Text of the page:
The high cost of free sugars on health

Paying the consequences of sugar-rich diets: Having a sweet tooth can kill you

Dr. Mary L’Abbé is an expert in public health nutrition, nutrition policy, and food and nutrition regulations, with a long and distinguished career in mineral nutrition research.

Dr. Mary R. L’Abbé is the Earle W. McHenry Professor and Chair of the Department of Nutritional Sciences at the University of Toronto. She holds a PhD in nutrition from McGill University and has authored over 200 peer-reviewed scientific publications, book chapters and government reports. A member of several WHO committees, including the Nutrition Guidance Expert Advisory Group on Diet and Health and the Global Coordinating Mechanism for NCDs, Dr. L’Abbé was co-chair of the Canadian Trans Fat Task Force, led the Trans Fat Monitoring Program and served as Chair and Vice-chair of the Canadian Sodium Working Group. She is currently Director of the WHO Collaborating Centre on Nutrition Policy for NCD Prevention.

“CIHR funding has been instrumental in securing my research transition from government to academia. This and other CIHR research funding has supported my research program in public health nutrition and has also supported the training of 7 PhD, 10 MSc and 6 PDFs, many of whom have also received CIHR, Vanier and Banting awards themselves.”

The Earle W. McHenry Professor and Chair of the Department of Nutritional Sciences, Faculty of Medicine, at the University of Toronto, Dr. Mary L’Abbé leads a research group on Food and Nutrition Policy for Population Health. Before joining the University of Toronto, Dr. L’Abbé was Director of the Bureau of Nutritional Sciences at Health Canada, responsible for nutrition laboratory research, surveillance, scientific evaluation and regulatory programs.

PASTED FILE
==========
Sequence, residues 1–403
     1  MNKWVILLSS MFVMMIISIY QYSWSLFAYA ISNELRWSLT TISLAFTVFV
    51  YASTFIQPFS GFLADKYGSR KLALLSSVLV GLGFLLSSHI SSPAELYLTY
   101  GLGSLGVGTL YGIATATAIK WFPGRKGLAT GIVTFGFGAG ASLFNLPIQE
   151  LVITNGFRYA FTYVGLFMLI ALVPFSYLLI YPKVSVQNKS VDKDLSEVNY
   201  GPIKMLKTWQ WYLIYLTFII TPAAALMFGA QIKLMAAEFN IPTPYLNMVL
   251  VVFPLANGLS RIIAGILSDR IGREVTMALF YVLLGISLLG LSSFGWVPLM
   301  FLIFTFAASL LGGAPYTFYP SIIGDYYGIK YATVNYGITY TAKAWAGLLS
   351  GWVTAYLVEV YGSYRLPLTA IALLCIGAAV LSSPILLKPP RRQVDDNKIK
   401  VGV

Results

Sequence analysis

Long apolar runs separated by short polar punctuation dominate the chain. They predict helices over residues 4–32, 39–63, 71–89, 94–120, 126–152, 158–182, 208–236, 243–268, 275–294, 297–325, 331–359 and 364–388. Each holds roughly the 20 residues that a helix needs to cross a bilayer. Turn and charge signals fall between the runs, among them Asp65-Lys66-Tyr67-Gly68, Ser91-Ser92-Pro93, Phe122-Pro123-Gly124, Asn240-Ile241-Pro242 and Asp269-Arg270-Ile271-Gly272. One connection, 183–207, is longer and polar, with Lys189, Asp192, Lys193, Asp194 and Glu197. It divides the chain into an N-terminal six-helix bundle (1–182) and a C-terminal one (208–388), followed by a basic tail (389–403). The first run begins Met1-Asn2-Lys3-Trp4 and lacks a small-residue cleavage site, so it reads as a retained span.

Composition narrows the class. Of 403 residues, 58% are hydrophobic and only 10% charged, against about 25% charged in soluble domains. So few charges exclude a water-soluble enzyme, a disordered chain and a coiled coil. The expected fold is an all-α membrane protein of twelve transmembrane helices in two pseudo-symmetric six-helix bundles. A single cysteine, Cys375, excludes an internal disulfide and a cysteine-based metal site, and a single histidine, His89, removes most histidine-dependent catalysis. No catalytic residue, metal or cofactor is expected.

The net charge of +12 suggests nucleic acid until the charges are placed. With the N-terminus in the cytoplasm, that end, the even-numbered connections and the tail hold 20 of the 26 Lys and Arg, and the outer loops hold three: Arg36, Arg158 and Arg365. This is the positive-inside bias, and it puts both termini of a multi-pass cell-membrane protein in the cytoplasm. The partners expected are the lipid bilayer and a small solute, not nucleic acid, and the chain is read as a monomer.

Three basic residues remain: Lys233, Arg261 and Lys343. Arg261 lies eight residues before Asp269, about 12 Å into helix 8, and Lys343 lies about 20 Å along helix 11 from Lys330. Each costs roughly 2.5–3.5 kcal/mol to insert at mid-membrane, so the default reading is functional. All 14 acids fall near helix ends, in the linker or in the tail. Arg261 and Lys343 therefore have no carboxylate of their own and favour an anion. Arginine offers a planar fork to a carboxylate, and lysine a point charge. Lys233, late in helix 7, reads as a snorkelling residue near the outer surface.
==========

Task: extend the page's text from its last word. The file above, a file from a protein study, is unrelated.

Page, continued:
As Principal Investigator leading a team that is measuring the effects of sugar-reduction strategies on non-communicable diseases in Canada, Dr. L’Abbé and her colleagues will study three strategies designed to combat the sugar epidemic.

The team aims to examine Canadian packaged and restaurant foods to assess the impact of:

  • lowering the total sugar content
  • lowering the free sugar content, and
  • reducing the proportion of heavily processed food consumed, on dietary intakes and health outcomes

While sugar is high in calories, it also has no essential nutrients. In addition to adding sugar to non-processed foods for taste, many processed foods are high in sugar, even if they are not considered to be a sweet treat.

It is the cumulative effect of having sugar added to so many foods that has Dr. L’Abbé and her colleagues worried. Her research will examine the nutritional quality of Canadian’s food supply, food intake patterns, and consumer research on food choices related to obesity and chronic disease. The danger of exceeding the recommended daily intake of calories (due to a diet high in sugar) is real. People with elevated levels of sugar in their diet run the risk of premature death from chronic illnesses such as cardiovascular disease and diabetes.

Dr. L’Abbé and her colleagues are convinced that gathering evidence-based data on policy relevant research questions will help to educate Canadians and positively influence both policy makers and consumers towards healthier eating.

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